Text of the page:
PteroDynamics’ smart folding wing drone could be the cargo transporter the Navy needs
Watching the tiny unmanned plane that California startup PteroDynamics calls the Transwing transition from horizontal to vertical flight is reminiscent of how an osprey turns and folds its wings backwards during a dive. But the little UAS is not a hunter. It is introduced to the US Navy as a lightweight cargo carrier whose wings intelligently fold up for VTOL landing and take-off.
Transwing’s setup is new for a small unmanned aircraft system (sUAS) – part rear quadrotor, part tilt wing, part lift and cruise. Its method of transitioning from cruise to eVTOL flight and back, combining ram-shaped struts with dihedral joint in one continuous sweep, is deceptively complex but elegantly simple.
This is the idea of Val Petrov, a former specialist in quantitative modeling and portfolio manager of fixed income securities who experimented with eVTOL concepts in the mid-2000s. He proposed the Transwing concept, now patented in 2016, recognizing the inefficiency and awkwardness of existing UAS VTOLs and manned aircraft designs.
The small startup he founded claims that the 12-foot-long Transwing autonomous prototype offers better controllability during take-off, landing and hovering than other eVTOL UASs. With a ground footprint of about a third of other aircraft with the same 13-foot wingspan, it could operate in more compact landing / take-off zones than other UAS.
And with an eye on the Navy, PteroDynamics claims it can handle the changing, swirling gusts associated with VTOL on and off ships better than anything the service has rated so far.
VERTREP at low prices
In 2018, Military Sealift Command and Navy Fleet Forces Command conducted an analysis of resupply operations typical of naval formations at sea. Since the advent of the helicopter, the Navy has airlifted supplies, equipment and even urgent personnel between ships at sea via aircraft.
This practice has long been known as “vertical resupply” or VERTREP, and a long line of VTOL aircraft up to the present day SH-60 Seahawks and V-22 Osprey have spent countless hours and hours. countless pounds of fuel to commute between ships. The analysis confirmed what many in the Navy have long known: About 90% of critical repair cargoes delivered to sea by helicopters and V-22 planes weigh less than 50 pounds.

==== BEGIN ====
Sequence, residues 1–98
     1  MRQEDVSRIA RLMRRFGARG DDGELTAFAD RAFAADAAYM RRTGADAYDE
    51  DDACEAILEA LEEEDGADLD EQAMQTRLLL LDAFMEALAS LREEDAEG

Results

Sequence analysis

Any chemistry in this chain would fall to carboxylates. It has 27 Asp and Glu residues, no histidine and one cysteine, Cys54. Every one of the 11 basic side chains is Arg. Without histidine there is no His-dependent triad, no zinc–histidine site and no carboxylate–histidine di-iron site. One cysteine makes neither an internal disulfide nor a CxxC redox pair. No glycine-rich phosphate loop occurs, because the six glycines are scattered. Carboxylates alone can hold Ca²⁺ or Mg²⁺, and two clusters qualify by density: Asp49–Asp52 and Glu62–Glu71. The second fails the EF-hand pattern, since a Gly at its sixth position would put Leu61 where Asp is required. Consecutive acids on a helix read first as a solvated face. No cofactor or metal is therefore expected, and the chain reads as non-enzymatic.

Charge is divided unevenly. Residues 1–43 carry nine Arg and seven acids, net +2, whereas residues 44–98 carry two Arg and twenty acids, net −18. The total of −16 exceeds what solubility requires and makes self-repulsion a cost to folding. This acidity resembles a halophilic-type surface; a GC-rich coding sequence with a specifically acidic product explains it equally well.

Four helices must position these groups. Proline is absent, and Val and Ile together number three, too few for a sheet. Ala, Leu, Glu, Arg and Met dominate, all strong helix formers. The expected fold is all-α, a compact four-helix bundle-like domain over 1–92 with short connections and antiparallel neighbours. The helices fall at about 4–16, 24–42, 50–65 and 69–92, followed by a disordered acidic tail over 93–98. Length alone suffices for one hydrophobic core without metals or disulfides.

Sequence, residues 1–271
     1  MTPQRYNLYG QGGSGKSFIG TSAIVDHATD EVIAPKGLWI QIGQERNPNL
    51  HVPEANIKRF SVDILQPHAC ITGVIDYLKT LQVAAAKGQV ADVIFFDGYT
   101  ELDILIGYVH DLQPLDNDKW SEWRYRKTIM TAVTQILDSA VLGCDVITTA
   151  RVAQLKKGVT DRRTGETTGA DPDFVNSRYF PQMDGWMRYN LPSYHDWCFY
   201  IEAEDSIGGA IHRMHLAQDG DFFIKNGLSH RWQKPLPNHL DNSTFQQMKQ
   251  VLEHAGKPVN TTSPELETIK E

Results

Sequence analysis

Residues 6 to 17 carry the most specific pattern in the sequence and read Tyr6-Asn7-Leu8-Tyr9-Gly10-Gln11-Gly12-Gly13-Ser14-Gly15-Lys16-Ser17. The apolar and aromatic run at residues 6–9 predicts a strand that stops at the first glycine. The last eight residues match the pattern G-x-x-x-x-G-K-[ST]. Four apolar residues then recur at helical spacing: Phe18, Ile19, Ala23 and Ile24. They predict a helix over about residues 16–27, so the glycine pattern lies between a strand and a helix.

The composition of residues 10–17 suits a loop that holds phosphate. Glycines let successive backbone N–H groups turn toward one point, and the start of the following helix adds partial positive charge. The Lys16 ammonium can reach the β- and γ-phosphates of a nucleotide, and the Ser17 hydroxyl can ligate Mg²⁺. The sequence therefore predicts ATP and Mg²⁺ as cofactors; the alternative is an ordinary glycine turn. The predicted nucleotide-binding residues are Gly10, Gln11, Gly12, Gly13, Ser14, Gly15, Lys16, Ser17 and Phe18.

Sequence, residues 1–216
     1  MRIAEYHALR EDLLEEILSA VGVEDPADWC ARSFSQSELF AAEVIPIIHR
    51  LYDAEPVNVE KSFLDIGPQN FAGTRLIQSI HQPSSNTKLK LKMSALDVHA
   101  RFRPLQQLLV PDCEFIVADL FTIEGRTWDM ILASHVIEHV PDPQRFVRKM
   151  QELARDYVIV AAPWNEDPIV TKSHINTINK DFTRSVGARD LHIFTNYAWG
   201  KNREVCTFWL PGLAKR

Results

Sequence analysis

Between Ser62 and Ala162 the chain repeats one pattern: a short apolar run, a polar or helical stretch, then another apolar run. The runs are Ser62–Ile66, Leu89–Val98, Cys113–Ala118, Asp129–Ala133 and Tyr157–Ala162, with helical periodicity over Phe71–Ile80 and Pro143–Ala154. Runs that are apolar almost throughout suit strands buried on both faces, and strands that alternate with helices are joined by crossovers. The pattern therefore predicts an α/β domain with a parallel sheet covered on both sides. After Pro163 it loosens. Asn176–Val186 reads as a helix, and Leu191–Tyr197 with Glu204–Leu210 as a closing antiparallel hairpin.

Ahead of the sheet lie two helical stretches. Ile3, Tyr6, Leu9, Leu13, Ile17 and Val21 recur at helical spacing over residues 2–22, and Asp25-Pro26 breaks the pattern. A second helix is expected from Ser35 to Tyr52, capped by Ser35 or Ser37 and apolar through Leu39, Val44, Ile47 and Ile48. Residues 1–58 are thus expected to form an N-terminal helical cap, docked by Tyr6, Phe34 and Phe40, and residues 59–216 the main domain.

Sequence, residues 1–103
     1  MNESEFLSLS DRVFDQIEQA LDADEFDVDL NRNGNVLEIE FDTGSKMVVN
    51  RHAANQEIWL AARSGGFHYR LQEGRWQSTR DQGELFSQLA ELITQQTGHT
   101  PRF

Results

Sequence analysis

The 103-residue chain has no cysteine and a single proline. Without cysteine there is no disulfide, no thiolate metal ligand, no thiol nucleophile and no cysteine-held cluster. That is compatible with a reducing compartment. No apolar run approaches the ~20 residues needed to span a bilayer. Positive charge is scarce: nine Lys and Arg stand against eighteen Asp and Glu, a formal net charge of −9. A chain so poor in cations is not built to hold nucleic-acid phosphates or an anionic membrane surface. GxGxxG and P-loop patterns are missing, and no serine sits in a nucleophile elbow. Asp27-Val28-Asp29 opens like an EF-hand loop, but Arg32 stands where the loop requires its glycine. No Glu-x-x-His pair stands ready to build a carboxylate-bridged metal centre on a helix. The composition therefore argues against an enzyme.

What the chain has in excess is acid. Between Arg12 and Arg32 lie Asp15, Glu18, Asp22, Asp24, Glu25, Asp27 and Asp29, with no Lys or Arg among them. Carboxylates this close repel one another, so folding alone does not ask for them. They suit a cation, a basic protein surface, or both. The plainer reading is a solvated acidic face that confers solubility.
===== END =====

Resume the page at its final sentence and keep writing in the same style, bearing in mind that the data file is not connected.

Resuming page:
This does not appear to be an efficient use of the large, multi-mission, multi-million dollar, multi-mission planes. Small to medium-sized UASs, the Navy realized, might be able to perform most VERTREP missions just as quickly but much less costly.
“We want to develop a logistics system to get rid of helicopters that carry parts back and forth,” Tony Schmidt, director of rapid prototyping, experimentation and demonstration at Naval Air Warfare Center Aircraft, told USNI News. Division (NAWCAD).
There was a call to industry for the capabilities NAWCAD was looking for in small cargo transport UASs, and the Navy submitted the drones for an assessment during the 2019 Advanced Naval Technology Exercise. Participants had to prove that their plane could autonomously carry a 20 pound payload to a moving ship 25 miles away without refueling.
About 65 potential UAS freight carriers were analyzed, but only two met the requirements. Still, the Navy wasn’t getting exactly what it was looking for according to PteroDynamics CEO Matthew Graczyk.
“They found winds to be a particular problem with the other vehicles they were evaluating and they found that our design had the prospect of providing a superior ability to handle gusty situations.”
In April 2019, NAWCAD approached the company to assess Transwing. “That’s when we started this conversation and made the deal we signed with them in June of this year,” says Graczyk.
The contract calls for PteroDynamics to deliver three prototype VTOLs for the Navy’s UAS Blue Water Maritime Logistics program by June 2022. Another company, Texas-based Skyways, delivered its own prototype UAS cargo ship in the fall. latest.
“Transwing was chosen as one of the most promising innovative designs for evaluation over traditional designs,” confirms NAWCAD spokesperson Brittany Dickerson.
Val Peterov says that a key element in attracting interest from NAWCAD is the fact that all of Transwing’s electric thrusters are used for both lifting and cruising, unlike other sUAS designs which dedicate separate thrusters. to propulsion lifting and forward.
Minimizing weight by abandoning the thrust-producing components that are not used during all phases of flight is indeed a priority for NAWCAD, while reducing the total number of parts for any logistics UAS. Other goals are to minimize the size of the aircraft for on-board handling and recovery and to obtain an aircraft with a stable and rapid transition between VTOL mode and fixed-wing mode to maximize flight time and the exits.